Focusing on Skilled Workers and Industry Changes 

The Seventh Annual Western Wayne Business Leaders Banquet attracted 450 attendees

The Livonia Chamber of Commerce hosted their seventh annual Western Wayne Business Leadership Banquet on Monday, September 30. This year’s event was hosted at the Henry Ford Museum of American Innovation.

The annual leadership banquet featured the Vice President of Consumers Energy, Roger Curtis and the President and CEO of Goodwill Detroit, Dan Varner. Serving as this year’s master of ceremonies was national news and political commentator Ron Fournier.

“We held this event in collaboration with Western Wayne’s leaders,” said Dan West, President and CEO of the Livonia Chamber of Commerce. “This program is an effort to inspire local decision makers to think and act regionally. This region represents 700,000 residents located in between Detroit and Ann Arbor, which highlights our central location, which is so closely connected to much of Southeast Michigan’s research and industry.”

Without a doubt, the need for qualified talent is needed in the region, said West. This need, he said, has been somewhat of a road block in the industry.

“The transformation that we have seen over the years is happening is business right now,” said Curtis. “This transformation we are seeing right now is across industries and the innovation is unbelievable.”

Touching on the workforce, Curtis says there are thousands high skill, high rate available in the state of Michigan.

“Every industry is going through this transformation,” Curtis explained. “From finance to manufacturing to healthcare, everyone is going through it.”

On the topic of education and its impact to the transformation that industries are experiencing, Curtis discussed the decline students experienced when it came to their interest in subjects such as math and science.

“They believe math or science are irrelevant to their future,” he explained.

Continuing the discussion on education, Curtis said there is a lack of engagement. This lack of engagement, he explained, leads to a lack of knowing, lack of understanding, and so much more.

“A lot of things can be traced back to lack of engagement,” he explained.

Moreover, the poor trajectory of students’ knowledge falls on the way in which the education system is designed.

“If the system is designed to stifle even the most creative educators, can you imagine what it is doing to our students?” Curtis asked.

Much of what is happening in the education system is directly contributing to the lack of skilled workers. Thousands of skilled positions throughout the state go unfilled because of this. While job demands rise in Michigan, the quality of education in Michigan declines.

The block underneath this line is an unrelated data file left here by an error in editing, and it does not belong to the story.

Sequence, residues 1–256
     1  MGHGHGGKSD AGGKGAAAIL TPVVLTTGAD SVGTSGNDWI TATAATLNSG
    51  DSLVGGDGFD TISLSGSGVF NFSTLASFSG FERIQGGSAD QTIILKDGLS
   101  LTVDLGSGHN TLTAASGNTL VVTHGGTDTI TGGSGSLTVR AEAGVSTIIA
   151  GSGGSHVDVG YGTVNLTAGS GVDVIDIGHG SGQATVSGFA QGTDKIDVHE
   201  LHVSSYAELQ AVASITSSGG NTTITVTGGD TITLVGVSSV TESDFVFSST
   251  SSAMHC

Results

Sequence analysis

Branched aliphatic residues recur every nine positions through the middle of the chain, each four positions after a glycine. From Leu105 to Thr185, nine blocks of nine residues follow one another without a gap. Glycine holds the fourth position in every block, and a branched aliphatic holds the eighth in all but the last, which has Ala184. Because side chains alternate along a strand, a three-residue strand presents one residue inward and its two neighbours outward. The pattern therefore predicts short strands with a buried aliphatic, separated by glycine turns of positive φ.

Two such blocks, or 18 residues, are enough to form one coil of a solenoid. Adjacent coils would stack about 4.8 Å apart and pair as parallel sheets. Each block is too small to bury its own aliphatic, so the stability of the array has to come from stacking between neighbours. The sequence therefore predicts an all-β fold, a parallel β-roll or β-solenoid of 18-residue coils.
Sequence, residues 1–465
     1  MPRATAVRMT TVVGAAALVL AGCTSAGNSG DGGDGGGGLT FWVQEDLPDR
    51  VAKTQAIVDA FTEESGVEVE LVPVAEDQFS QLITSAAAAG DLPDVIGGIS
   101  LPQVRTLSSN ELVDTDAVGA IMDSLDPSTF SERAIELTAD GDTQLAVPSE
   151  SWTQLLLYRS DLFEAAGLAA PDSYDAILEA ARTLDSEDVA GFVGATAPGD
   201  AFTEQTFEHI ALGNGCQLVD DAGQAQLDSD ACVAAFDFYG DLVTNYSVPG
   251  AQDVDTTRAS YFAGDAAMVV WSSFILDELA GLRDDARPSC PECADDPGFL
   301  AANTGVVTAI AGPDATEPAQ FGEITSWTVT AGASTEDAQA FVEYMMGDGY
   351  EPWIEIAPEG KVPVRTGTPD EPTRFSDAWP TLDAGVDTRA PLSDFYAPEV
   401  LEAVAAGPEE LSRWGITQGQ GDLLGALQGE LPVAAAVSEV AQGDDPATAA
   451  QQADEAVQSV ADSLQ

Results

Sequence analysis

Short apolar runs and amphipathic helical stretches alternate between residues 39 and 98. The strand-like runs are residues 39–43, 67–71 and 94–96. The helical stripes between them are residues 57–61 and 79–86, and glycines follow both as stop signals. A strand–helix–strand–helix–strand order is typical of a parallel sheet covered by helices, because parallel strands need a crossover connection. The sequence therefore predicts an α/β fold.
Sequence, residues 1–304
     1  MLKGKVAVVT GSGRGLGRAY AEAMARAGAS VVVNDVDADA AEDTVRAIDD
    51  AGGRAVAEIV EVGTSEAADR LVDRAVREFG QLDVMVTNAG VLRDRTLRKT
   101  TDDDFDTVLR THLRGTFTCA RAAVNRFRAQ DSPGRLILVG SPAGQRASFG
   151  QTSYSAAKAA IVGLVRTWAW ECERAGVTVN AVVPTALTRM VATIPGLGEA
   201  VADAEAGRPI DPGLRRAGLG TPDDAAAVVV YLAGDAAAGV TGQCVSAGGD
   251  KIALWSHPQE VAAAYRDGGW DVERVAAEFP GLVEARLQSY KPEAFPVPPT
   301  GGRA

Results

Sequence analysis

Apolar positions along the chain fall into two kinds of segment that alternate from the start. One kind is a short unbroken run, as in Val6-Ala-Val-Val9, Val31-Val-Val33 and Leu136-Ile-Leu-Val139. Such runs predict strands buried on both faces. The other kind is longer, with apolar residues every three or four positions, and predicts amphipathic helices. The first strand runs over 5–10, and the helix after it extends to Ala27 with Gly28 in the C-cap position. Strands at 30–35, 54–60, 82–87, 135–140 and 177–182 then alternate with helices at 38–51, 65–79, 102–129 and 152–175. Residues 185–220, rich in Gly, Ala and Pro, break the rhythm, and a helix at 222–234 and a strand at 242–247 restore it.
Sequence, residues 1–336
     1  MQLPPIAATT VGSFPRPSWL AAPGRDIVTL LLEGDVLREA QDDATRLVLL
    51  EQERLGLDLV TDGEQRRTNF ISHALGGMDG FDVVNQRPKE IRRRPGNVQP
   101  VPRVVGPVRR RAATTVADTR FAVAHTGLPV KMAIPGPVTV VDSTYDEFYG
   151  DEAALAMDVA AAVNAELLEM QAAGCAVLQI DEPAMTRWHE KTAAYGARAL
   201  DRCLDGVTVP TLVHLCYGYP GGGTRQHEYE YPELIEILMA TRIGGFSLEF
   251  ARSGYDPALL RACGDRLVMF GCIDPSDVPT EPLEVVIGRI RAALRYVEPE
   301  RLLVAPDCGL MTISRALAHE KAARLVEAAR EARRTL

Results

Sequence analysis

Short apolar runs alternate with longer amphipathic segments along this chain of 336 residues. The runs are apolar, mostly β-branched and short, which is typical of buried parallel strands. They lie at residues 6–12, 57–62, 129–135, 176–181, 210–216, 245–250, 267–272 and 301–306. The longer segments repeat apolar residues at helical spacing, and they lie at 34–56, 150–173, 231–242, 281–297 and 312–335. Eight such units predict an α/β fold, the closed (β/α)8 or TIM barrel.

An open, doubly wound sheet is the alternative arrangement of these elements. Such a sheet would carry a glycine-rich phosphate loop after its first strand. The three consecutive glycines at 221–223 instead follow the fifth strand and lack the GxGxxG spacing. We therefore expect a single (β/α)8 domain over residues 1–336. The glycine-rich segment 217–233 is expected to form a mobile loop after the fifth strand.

If we can’t fill these positions, says Curtis, billions of dollars in wages and benefits will go to waste. Workforce development needs to be a thing of the present.

The majority of these positions require a post-secondary education. It is for this reason that the conversation around education must change, says Varner.

Varner first acknowledged Chuck Dardas and the AlphaUSA team for their support of Goodwill Industries and training youth for tomorrow’s workforce.

Varner shared a number of ways in which the work that Goodwill has allowed for the conversation to change and led to fostering workplace development.

One example Varner touches on is Goodwill’s Flip the Script program in Detroit. Partnering with organizations throughout the community, Flip the Scrip is a mentoring program that serves men and women, helping them to find work.

A large majority of the men and women who have been through the Flip the Script programs, says Varner have been referred to the program by the Michigan Department of Corrections.

The program boasts hundreds of success stories in which men and women have found substantial work, some even working on major developments in the City of Detroit, including the Little Caesars Arena.

Programs like those offered by Goodwill are fostering workplace development and filling the talent gap.

Also at the leadership banquet was Congresswoman Debbie Dingell, representative of Michigan’s 12th congressional district. The congresswoman spoke in tribute to her late husband and former congressman, John Dingell.

“This is the time to remember what it means to be American,” Congresswoman Dingell said.

You are leaders of the community, she said as she addressed the crowd. “Community is the strength of democracy.”

Speaking again about the late congressman, Dingell said he “was wise.”

“He knew he was lucky to be born in this country,” she said. “He thanked God every day for what it meant to be part of this democracy and he thanked God for his friends, like all of you in this room. So, as we celebrate as Western Wayne community, let’s let his spirit with us as we all get through these troubled times. Let’s all remember that we are Americans first and foremost that love this country.”

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